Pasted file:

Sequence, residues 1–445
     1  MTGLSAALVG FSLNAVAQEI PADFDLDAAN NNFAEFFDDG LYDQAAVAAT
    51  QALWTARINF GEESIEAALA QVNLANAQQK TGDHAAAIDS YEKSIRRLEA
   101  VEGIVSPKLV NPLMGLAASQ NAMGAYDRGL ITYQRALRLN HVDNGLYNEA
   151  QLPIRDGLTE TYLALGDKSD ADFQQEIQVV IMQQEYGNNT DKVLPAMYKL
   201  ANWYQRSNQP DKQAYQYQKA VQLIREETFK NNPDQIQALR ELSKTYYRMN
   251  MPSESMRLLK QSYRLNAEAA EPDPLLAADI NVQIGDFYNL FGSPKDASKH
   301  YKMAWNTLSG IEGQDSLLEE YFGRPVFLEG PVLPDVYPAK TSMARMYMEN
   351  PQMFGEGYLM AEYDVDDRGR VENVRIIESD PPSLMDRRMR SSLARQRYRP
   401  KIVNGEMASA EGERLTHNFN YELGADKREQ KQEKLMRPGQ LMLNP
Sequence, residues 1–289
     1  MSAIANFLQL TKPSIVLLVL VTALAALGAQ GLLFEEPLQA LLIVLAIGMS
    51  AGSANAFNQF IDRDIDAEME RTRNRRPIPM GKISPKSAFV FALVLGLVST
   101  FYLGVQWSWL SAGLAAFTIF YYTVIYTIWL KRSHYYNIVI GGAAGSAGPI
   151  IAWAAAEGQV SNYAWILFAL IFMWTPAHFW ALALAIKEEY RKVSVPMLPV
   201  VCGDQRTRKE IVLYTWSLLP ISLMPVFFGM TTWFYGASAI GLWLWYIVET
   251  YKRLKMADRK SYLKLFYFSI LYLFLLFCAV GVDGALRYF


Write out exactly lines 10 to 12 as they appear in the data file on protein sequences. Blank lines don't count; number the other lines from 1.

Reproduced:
   401  KIVNGEMASA EGERLTHNFN YELGADKREQ KQEKLMRPGQ LMLNP
Sequence, residues 1–289
     1  MSAIANFLQL TKPSIVLLVL VTALAALGAQ GLLFEEPLQA LLIVLAIGMS